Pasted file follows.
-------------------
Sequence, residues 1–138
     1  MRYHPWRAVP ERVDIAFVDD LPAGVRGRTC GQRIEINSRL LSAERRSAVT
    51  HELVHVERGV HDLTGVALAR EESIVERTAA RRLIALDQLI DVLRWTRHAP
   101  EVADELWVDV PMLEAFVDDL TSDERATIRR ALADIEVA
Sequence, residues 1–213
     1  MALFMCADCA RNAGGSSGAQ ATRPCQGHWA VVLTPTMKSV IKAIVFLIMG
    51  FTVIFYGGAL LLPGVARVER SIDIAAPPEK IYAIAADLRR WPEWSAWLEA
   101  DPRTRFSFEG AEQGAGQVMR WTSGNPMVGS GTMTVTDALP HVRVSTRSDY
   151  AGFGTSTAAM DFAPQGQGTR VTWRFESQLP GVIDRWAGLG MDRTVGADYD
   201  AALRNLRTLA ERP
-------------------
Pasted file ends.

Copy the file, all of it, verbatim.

Sequence, residues 1–138
     1  MRYHPWRAVP ERVDIAFVDD LPAGVRGRTC GQRIEINSRL LSAERRSAVT
    51  HELVHVERGV HDLTGVALAR EESIVERTAA RRLIALDQLI DVLRWTRHAP
   101  EVADELWVDV PMLEAFVDDL TSDERATIRR ALADIEVA
Sequence, residues 1–213
     1  MALFMCADCA RNAGGSSGAQ ATRPCQGHWA VVLTPTMKSV IKAIVFLIMG
    51  FTVIFYGGAL LLPGVARVER SIDIAAPPEK IYAIAADLRR WPEWSAWLEA
   101  DPRTRFSFEG AEQGAGQVMR WTSGNPMVGS GTMTVTDALP HVRVSTRSDY
   151  AGFGTSTAAM DFAPQGQGTR VTWRFESQLP GVIDRWAGLG MDRTVGADYD
   201  AALRNLRTLA ERP